At the time of this writing, it is Friday. But in Virginia’s General Assembly, lawmakers are operating under the premise that it is still Thursday.
The procedural maneuver is intended to give Democratic majorities more time to hash out deals on big outstanding legislative debates on topics ranging from redistricting to the minimum wage. The legislative session is scheduled to end on Saturday, but can be (and often is) extended.
Lawmakers in the House and Senate managed to bend legislative time by simply not adjourning on Thursday evening and instead taking a prolonged, overnight recess that allowed them to resume Thursday’s legislative day on Friday morning.
Not long after noon, House Minority Leader Todd Gilbert, R-Shenandoah, inquired of Democratic leaders when his caucus could expect Friday to begin.
Democratic Majority Leader Charniele Herring, D-Alexandria, responded that she couldn’t say for sure, but perhaps later in the afternoon.
Having breakfast while it’s still “Thursday” in the Virginia Senate as Thursday’s legislative deadlines are evaded. Hopefully it will be “Friday” by afternoon. pic.twitter.com/ACsyN9YWpk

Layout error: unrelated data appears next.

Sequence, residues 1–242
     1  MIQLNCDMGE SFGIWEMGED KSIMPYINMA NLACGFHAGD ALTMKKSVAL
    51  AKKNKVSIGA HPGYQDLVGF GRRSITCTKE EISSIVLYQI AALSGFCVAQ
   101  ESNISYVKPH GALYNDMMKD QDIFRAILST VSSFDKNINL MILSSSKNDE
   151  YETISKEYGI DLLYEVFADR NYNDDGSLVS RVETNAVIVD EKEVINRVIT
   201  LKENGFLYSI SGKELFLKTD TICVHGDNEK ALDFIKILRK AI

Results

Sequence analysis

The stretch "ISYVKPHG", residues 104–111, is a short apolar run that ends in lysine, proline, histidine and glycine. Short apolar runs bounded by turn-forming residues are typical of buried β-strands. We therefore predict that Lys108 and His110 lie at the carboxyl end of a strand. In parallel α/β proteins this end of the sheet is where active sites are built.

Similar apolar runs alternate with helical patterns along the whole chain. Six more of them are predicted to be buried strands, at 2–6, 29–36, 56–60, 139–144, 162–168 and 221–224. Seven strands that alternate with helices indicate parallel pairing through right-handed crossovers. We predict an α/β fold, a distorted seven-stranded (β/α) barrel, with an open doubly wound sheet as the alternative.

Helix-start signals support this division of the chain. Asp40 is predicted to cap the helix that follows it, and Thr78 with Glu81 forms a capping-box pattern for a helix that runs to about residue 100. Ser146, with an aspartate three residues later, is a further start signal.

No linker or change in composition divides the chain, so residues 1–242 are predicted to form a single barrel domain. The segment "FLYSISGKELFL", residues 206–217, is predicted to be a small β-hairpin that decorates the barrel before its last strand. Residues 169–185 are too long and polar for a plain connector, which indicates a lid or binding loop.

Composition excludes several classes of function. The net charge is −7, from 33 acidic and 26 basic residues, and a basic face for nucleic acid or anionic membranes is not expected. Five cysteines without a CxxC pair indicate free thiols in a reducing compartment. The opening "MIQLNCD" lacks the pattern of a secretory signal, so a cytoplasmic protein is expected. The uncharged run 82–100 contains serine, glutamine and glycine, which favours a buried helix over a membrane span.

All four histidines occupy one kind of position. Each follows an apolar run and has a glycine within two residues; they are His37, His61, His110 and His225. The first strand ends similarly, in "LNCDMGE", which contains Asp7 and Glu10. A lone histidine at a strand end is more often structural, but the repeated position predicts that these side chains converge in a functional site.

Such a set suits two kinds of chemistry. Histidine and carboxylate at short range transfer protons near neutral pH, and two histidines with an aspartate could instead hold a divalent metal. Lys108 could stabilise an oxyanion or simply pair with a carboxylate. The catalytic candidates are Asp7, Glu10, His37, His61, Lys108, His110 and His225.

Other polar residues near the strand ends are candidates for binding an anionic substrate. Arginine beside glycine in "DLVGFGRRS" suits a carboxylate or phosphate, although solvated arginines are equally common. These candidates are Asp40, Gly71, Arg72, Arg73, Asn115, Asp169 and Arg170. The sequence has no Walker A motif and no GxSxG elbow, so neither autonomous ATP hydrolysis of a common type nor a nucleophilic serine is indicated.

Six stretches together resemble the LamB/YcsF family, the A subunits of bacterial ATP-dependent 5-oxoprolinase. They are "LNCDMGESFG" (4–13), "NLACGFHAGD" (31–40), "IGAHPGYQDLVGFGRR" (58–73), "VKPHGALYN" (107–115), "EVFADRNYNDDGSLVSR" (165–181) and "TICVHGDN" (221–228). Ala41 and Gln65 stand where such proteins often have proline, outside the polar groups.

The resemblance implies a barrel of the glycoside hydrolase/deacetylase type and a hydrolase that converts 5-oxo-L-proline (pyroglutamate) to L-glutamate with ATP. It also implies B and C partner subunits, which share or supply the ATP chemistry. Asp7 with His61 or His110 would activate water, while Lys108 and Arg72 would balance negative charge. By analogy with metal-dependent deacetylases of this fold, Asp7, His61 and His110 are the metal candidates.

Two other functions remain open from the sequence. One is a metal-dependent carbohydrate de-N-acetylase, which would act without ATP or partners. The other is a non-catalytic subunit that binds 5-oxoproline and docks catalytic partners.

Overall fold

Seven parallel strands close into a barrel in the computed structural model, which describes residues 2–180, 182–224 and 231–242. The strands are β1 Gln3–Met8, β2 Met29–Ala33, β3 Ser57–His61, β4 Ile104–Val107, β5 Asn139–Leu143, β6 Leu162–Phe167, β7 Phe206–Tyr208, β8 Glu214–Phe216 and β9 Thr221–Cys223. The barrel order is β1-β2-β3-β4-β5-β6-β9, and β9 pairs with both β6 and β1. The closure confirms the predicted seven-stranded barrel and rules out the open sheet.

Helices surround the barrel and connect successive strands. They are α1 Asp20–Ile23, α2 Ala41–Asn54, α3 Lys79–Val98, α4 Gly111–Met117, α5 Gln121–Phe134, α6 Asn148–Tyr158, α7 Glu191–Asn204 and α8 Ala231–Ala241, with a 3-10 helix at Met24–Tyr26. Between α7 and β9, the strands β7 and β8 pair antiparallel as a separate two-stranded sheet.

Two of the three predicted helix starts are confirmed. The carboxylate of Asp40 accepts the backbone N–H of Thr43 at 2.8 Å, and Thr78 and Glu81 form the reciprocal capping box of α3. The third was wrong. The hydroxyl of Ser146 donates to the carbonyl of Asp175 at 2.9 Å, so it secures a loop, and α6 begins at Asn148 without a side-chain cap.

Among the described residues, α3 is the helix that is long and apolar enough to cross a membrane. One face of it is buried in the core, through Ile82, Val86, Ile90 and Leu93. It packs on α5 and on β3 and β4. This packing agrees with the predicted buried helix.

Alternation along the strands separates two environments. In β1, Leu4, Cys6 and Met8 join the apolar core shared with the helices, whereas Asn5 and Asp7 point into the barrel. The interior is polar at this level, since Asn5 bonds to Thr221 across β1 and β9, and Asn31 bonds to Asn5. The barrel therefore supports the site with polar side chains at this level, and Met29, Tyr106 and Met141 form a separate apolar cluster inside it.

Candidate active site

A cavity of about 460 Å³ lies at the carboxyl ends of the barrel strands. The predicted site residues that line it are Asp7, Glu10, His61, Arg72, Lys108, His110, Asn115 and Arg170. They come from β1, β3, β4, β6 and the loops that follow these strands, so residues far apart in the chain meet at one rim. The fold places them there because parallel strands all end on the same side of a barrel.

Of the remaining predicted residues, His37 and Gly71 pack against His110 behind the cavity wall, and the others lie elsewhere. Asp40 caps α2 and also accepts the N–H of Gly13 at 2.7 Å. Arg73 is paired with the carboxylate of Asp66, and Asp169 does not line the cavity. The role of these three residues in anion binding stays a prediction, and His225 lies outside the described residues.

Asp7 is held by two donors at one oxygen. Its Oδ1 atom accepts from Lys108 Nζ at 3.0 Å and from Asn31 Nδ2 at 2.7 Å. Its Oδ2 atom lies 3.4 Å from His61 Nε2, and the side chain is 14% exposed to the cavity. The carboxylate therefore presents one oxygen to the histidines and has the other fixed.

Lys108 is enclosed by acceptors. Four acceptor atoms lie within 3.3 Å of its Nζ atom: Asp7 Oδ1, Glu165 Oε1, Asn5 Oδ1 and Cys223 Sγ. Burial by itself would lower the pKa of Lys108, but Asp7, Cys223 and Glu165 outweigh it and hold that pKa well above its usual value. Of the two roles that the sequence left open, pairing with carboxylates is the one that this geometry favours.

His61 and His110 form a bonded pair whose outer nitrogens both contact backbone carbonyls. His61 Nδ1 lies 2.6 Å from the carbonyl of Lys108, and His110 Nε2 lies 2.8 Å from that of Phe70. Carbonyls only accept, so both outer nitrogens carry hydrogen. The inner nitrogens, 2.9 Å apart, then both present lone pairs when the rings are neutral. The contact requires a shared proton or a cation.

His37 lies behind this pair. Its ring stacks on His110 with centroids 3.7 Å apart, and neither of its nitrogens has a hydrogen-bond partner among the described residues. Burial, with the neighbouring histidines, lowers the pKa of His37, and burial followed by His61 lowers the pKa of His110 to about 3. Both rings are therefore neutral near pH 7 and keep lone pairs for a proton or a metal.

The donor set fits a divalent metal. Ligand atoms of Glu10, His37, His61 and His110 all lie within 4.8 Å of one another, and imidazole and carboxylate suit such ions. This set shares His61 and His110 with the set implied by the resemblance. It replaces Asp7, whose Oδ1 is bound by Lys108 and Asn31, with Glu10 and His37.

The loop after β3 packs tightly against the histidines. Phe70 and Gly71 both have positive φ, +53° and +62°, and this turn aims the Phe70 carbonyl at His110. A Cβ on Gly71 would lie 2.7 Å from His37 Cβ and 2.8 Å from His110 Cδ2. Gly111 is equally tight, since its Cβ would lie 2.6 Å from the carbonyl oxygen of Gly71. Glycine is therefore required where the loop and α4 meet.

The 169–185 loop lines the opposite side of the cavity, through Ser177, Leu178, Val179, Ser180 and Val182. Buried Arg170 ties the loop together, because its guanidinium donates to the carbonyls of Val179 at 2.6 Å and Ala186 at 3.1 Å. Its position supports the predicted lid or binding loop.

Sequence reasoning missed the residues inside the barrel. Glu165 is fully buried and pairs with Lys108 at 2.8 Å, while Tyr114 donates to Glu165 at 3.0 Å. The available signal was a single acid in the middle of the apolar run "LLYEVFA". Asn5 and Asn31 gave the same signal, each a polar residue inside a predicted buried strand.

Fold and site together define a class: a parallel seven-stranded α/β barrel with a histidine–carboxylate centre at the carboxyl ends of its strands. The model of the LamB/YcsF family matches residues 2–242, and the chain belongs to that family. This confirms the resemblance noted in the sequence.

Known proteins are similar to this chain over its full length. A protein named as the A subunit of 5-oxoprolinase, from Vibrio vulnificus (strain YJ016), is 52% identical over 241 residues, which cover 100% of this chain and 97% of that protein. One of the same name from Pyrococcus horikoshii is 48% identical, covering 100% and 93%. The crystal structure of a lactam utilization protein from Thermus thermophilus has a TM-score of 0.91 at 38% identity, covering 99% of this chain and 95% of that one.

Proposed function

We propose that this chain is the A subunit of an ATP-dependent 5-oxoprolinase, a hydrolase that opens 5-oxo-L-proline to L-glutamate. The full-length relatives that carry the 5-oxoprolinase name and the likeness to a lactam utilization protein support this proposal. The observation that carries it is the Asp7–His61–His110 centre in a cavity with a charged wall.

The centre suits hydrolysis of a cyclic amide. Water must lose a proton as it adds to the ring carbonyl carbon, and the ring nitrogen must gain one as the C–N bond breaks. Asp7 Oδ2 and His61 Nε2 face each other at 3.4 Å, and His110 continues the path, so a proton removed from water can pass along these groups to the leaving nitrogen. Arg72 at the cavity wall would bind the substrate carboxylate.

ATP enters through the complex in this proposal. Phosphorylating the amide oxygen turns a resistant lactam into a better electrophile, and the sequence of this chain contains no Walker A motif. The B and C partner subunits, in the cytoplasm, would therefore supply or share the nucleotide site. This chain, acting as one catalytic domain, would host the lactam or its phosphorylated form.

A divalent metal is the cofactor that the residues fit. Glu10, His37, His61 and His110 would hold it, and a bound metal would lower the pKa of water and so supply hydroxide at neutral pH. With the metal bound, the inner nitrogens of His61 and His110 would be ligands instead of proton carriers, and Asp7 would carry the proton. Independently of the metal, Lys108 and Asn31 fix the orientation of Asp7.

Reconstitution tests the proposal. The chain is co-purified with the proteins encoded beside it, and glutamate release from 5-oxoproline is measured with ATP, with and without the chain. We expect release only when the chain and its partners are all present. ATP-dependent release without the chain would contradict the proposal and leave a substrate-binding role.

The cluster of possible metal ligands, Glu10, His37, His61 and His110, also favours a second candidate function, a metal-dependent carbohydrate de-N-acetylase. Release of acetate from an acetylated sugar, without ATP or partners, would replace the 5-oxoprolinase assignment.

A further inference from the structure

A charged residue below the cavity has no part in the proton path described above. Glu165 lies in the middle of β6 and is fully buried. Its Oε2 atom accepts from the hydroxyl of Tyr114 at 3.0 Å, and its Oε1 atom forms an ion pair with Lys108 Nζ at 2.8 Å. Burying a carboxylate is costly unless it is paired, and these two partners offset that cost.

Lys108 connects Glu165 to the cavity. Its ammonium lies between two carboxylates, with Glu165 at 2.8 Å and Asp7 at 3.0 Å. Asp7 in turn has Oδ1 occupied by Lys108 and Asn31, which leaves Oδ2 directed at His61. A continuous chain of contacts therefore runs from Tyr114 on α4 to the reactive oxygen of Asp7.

— David Suetterlein (@DRSuetterlein) March 6, 2020
Word is Friday might happen sometime this afternoon. Too early to say at this juncture https://t.co/NVe3cCT0v4
— Graham Moomaw (@gmoomaw) March 6, 2020
For the rest of the world it's Friday.
But here in Virginia lawmakers are bending the space time continuum and insisting it's still Thursday so that they can cram in last minute legislating.
Story for after session: Why do we have a part time legislature?
— Mallory Noe-Payne (@MalloryNoePayne) March 6, 2020
Del. Matt Fariss just gave a floor speech about his son's dog catching skunks. The dog tethering bill passes. It's still Thursday. https://t.co/lQ2pfxV9zZ
— Justin Mattingly (@jmattingly306) March 6, 2020
In the Senate, Sen. Chap Petersen, D-Fairfax, began the afternoon session at 1:30 p.m. by inquiring, “Is today still yesterday?”
Lt. Gov. Justin Fairfax confirmed, “Yes, it is.”